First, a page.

What's not so good about the game?
Suffice to say the single-player game is weak, very weak and the chances are you'll grow tired of it far sooner than you anticipated. The story mode never really got going in my opinion and if it had been left out completely I don't think the game would have suffered for it. The modern and classic modes, whilst better than the story mode, will only hold your attention for a certain amount of time. The low asking price of £19.99 compensates for this lack of replay value to a certain degree but even so the chances are that it's not going to be a game that you'll want to play that often.
How does it look?
Obviously there's a bit of difference between this Xbox version and those early versions of Spy vs. Spy. Here we have a modern looking 3D affair that not only looks but feels different from those simplistic 2D games of yesteryear. The graphics are OK but are hardly an example of what's possible on the Xbox console. Personally I would have preferred it that the game had remained 2D. I appreciate that there seems a desire to make everything 3D nowadays but it would have been possible to have kept the game in 2D and still have given it that modern visual charm. A quick look at games like Paper Mario proves this point. Still what's here is not bad at all and the 3D doesn't really cause any problems.
How deaf gamer friendly is the game?
Spy vs. Spy won't cause deaf gamers any problems. The spies only cackle and snigger to themselves so subtitles aren't really necessary (although captions would have been nice). All tutorial messages are shown in text and you can access your journal, current mission objectives and closed mission details at any time during the game. Should you attempt to open an item for which a key is needed you'll be notified in text of this. You'll also receive text notifications when other spies have been killed and such like. The game manual consists of just over 20 pages but contains all you really need to know about the game and lists all the weapon, power ups, safe and explosive types etc.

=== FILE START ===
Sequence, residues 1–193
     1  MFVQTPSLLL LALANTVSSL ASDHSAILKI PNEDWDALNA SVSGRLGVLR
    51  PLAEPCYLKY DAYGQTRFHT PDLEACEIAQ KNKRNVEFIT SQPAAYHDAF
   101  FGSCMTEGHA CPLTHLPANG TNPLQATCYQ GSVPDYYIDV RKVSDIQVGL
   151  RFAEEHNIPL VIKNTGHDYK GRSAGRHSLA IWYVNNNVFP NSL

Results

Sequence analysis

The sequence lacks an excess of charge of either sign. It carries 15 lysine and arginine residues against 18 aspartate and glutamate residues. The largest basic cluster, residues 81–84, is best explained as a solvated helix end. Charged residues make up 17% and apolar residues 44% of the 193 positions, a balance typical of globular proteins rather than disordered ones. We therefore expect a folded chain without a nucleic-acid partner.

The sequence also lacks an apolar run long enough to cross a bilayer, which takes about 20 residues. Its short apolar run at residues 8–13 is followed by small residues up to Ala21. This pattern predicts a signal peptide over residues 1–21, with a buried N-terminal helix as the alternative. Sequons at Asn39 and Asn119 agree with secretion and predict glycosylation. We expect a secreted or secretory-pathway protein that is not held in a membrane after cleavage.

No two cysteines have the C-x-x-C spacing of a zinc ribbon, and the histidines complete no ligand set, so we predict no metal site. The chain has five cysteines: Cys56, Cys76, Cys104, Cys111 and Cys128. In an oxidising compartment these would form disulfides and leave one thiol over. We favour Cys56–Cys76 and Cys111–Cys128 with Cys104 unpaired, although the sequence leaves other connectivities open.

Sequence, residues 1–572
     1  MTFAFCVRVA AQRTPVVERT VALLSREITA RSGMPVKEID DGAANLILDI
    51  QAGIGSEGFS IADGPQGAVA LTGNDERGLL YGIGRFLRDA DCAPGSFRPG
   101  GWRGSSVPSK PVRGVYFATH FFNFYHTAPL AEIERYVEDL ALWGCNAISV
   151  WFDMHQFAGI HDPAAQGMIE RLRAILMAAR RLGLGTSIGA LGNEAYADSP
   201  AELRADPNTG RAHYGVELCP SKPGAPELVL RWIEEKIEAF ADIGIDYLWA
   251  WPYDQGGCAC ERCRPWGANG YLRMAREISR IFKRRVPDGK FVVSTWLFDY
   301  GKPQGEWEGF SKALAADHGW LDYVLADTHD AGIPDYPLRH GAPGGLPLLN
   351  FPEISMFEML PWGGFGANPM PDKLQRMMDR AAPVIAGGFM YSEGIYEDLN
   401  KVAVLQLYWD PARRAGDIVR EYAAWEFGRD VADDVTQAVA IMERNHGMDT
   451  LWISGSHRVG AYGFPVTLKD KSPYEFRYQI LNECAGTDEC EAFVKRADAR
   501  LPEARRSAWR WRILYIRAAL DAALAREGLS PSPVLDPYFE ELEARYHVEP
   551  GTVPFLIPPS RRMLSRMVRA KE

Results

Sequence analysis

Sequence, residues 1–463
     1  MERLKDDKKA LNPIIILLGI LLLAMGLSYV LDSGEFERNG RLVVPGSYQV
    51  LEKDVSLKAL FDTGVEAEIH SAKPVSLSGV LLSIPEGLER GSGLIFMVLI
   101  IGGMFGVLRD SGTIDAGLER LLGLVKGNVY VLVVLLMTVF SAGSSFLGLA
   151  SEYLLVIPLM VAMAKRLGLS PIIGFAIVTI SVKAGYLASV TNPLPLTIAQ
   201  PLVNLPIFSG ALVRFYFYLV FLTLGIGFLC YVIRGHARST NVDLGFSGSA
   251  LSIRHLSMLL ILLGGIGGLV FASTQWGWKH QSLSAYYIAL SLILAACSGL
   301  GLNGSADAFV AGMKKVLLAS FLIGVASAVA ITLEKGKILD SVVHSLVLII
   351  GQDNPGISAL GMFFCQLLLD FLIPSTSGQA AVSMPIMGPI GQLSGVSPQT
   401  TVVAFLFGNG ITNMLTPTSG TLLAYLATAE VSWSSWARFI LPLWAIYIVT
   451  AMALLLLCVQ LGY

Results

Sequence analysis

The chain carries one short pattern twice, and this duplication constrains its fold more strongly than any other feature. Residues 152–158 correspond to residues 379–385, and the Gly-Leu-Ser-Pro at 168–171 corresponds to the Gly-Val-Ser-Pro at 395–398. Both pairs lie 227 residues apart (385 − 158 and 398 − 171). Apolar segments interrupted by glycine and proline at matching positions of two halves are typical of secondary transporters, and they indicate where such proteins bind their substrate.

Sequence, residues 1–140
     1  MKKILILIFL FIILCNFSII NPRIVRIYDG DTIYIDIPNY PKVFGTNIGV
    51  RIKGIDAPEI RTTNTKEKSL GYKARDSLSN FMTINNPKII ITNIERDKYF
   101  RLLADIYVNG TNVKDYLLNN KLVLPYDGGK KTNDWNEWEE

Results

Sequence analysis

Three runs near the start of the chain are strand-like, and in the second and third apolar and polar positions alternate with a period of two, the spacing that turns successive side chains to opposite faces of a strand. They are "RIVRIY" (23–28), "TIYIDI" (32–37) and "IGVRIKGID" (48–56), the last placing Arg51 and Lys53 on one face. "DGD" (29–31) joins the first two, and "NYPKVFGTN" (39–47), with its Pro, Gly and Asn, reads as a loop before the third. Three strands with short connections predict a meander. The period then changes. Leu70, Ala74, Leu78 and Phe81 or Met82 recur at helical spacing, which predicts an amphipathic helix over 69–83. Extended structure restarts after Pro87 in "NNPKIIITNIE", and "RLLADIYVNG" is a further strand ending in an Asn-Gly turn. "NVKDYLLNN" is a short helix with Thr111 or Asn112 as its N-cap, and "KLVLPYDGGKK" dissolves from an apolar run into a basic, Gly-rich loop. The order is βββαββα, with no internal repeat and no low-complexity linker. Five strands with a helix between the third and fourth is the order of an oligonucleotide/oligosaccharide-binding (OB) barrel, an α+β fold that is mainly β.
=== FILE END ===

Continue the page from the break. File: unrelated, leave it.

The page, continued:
Your opinion of Spy vs. Spy will really depend on how you plan to play the game. If you aren't going to be playing against human opposition then it will a tedious experience very quickly and in all honesty probably should be avoided unless you're a Spy vs. Spy enthusiast. As a multiplayer experience it's a decent game that can offer a change of pace from the other Xbox Live and System Link games out there. I suspect most gamers will want a decent single-player experience though and it's here that the game is at its weakest and, ultimately, fails to cut the mustard.
Overall Game Rating: 6.0/10
Deaf Gamers Classification
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It's rather tricky to rate Spy vs. Spy. As a multiplayer game it's worth a 7 but as a single player game it would struggle to earn a five. Our rating is an average of these two scores but we have to say it's probably not worth it for the single player alone.